Zika Can Persist in Semen for 3 Months

Heather Boerner

February 15, 2017

SEATTLE — Zika RNA can linger in semen for up to 3 months, but clears from vaginal fluid almost immediately, according to interim results from the first prospective study of patients infected with the virus.

“These findings support the CDC recommendations for men to abstain from sex or use condoms for 6 months,” said investigator Gabriela Paz-Bailey, MD, PhD, from the Centers for Disease Control and Prevention.

Doctors should also ask pregnant women “about travel to areas where there is active transmission and offer testing,” she told Medscape Medical News.

The CDC issued guidance for physicians on Zika testing and prevention in July 2016, but the basis for that instruction was best guesses and individual case reports. Officials were “really operating in the dark,” Dr Paz-Bailey explained.

To determine the persistence of the Zika virus in bodily fluids, Dr Paz-Bailey and her colleagues identified 150 residents of Puerto Rico — 66 women and 84 men — using a pre-existing arboviral reporting system. The team followed the participants from the first report of symptoms or diagnosis, and collected saliva, urine, blood serum, semen, and vaginal secretions at baseline and at 2, 4, and 6 months.

Dr Paz-Bailey presented the results here at the Conference on Retroviruses and Opportunistic Infections 2017. A preliminary report of the data was published online in the New England Journal of Medicine to coincide with the presentation.

Viral Particles in Bodily Fluid

The duration of viral particles varied by bodily fluid. Only one vaginal swab came back positive for Zika RNA during the 6-month study, putting vaginal fluid on par with saliva for Zika persistence.

However, half the semen samples tested positive for Zika particles at 1 month, and 5% tested positive at 81 days. In previous case reports, Zika has been documented in the semen of two men at 6 months.

There were also surprises in blood samples. Half showed the presence of Zika RNA in blood serum 2 weeks after the start of symptoms, and 5% showed that presence at 54 days.

In urine, however, the virus was less persistent. Zika particles were detected in half the samples at 1 week, and in 5% at 39 days.

“These findings suggest that serum may be better for diagnosing Zika virus,” said Dr Paz-Bailey.

This differs from previous findings, which suggested that Zika lingers longer in urine than in blood serum. But that difference could be related to the prospective nature of the study by the CDC team. Cross-sectional and incident studies “are not designed to look at duration,” Dr Paz-Bailey pointed out.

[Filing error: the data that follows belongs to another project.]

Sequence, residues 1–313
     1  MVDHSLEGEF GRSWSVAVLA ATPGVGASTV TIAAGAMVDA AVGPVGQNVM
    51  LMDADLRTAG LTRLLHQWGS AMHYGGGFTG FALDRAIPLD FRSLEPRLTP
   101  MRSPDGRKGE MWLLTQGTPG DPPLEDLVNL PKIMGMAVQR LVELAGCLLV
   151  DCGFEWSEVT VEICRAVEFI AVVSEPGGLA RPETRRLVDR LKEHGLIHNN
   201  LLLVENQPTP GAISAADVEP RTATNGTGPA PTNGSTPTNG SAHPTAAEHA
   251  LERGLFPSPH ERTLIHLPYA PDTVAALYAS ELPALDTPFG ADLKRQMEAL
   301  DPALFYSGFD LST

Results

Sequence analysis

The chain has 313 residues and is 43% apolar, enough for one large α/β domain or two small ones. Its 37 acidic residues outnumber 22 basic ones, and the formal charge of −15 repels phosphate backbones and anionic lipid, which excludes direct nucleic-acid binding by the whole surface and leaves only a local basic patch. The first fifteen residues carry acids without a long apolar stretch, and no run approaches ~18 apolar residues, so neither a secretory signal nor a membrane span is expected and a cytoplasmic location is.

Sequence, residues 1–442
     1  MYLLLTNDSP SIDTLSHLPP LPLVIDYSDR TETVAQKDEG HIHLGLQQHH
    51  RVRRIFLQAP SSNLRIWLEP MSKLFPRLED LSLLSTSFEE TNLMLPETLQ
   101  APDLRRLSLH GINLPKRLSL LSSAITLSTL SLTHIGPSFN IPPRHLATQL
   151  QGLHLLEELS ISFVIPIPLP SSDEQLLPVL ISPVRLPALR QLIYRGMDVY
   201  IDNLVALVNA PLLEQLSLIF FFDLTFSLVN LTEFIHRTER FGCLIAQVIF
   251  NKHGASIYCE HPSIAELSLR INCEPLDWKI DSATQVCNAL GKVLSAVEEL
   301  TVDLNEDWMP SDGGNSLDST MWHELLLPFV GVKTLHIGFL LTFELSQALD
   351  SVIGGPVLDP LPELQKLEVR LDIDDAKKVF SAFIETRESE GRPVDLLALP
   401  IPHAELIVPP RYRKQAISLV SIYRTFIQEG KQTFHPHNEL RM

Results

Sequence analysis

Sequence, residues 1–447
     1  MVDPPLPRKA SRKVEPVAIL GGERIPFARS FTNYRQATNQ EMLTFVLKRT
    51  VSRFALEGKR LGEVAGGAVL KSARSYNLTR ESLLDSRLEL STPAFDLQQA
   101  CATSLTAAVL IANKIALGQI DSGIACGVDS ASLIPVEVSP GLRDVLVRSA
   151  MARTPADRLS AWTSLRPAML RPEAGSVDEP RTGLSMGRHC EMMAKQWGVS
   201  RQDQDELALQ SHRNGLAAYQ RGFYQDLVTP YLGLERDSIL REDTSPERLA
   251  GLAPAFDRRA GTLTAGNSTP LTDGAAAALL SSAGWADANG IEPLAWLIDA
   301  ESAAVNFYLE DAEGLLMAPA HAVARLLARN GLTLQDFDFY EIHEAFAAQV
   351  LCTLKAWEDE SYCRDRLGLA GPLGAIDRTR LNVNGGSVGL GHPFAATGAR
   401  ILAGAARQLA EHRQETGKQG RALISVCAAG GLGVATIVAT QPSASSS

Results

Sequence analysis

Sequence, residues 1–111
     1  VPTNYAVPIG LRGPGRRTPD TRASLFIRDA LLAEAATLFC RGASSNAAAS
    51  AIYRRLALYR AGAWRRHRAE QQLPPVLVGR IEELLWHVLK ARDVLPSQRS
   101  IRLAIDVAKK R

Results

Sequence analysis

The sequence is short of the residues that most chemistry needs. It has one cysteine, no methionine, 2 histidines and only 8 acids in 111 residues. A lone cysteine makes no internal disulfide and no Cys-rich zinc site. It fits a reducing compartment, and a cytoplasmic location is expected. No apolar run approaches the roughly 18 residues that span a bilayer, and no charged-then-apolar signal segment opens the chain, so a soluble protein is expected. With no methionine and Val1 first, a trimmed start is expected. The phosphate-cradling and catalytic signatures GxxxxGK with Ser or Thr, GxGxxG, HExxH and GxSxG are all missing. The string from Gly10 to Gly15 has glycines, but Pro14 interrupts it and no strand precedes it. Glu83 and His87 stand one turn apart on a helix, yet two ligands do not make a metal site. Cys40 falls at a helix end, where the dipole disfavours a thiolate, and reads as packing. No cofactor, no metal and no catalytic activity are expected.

Still, the findings were a surprise to David Thomas, MD, from the Johns Hopkins University School of Medicine in Baltimore. Usually, it’s the urine where viruses persist the longest, he explained.

“I think that’s something that will need to be verified,” he told Medscape Medical News. “I don’t think that’s a critical part of the abstract, though. The CDC recommendations are continuing to be verified. I think that’s the take-home message.”

Persistence and Infectiousness

These data are important because they suggest how long a person can remain infectious. However, it’s too soon to know. After all, RNA fragments can persist for a long time without the capacity to infect another person, said Dr Paz-Bailey.

She said she expects that the final readout of the data — which the researchers hope will include 300 people — will provide evidence to guide clinical practice. Once they have that, Dr Paz-Bailey said she and the team will re-do the analysis to see if anything has changed.

“It’s taken many years of HIV research to determine what amount of virus is needed to result in transmission,” she told Medscape Medical News. “In Zika, there are still so many unknowns.”

This study was funded by the Centers for Disease Control and Prevention. Staffing support was provided by the Center for AIDS Research at Emory University. Dr Paz-Bailey and Dr Thomas have disclosed no relevant financial relationships.

Conference on Retroviruses and Opportunistic Infections (CROI) 2017: Poster 1055LB. Presented February 14, 2017.

Medscape Medical News © 2017  WebMD, LLC

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